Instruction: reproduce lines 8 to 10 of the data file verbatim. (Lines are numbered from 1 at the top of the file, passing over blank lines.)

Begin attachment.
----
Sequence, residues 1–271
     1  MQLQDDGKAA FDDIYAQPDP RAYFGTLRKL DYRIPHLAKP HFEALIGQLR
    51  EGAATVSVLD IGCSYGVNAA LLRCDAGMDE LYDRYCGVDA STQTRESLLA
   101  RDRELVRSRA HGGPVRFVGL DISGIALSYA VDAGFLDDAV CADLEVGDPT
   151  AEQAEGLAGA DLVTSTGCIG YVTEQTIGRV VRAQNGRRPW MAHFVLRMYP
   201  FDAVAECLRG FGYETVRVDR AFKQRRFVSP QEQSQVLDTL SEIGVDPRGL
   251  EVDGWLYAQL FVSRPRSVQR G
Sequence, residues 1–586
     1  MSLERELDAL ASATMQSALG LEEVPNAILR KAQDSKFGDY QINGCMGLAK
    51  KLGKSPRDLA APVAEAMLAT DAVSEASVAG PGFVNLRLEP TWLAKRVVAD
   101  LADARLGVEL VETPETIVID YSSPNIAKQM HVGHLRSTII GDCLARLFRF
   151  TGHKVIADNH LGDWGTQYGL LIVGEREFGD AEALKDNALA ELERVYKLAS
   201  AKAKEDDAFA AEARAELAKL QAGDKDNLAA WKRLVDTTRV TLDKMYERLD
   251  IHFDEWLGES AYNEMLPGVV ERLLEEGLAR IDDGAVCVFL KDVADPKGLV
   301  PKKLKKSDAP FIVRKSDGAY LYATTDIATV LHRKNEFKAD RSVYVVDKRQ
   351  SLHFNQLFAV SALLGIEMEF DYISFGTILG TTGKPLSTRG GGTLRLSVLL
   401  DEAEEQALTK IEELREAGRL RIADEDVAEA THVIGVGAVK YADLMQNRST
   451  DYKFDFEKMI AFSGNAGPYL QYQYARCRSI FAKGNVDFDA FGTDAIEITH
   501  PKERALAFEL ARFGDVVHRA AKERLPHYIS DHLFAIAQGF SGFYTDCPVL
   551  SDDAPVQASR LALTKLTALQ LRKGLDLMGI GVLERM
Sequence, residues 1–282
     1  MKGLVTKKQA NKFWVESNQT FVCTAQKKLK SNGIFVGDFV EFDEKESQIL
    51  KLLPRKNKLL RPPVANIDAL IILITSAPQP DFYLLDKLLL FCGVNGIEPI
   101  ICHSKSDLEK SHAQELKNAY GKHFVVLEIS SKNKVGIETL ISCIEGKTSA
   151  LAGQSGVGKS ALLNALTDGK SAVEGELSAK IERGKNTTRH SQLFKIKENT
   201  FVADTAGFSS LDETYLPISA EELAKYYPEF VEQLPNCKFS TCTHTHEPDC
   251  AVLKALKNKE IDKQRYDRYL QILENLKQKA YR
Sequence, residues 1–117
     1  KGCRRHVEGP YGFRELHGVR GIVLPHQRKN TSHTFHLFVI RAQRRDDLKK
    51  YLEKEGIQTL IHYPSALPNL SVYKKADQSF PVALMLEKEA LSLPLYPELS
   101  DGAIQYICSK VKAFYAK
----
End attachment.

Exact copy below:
Sequence, residues 1–586
     1  MSLERELDAL ASATMQSALG LEEVPNAILR KAQDSKFGDY QINGCMGLAK
    51  KLGKSPRDLA APVAEAMLAT DAVSEASVAG PGFVNLRLEP TWLAKRVVAD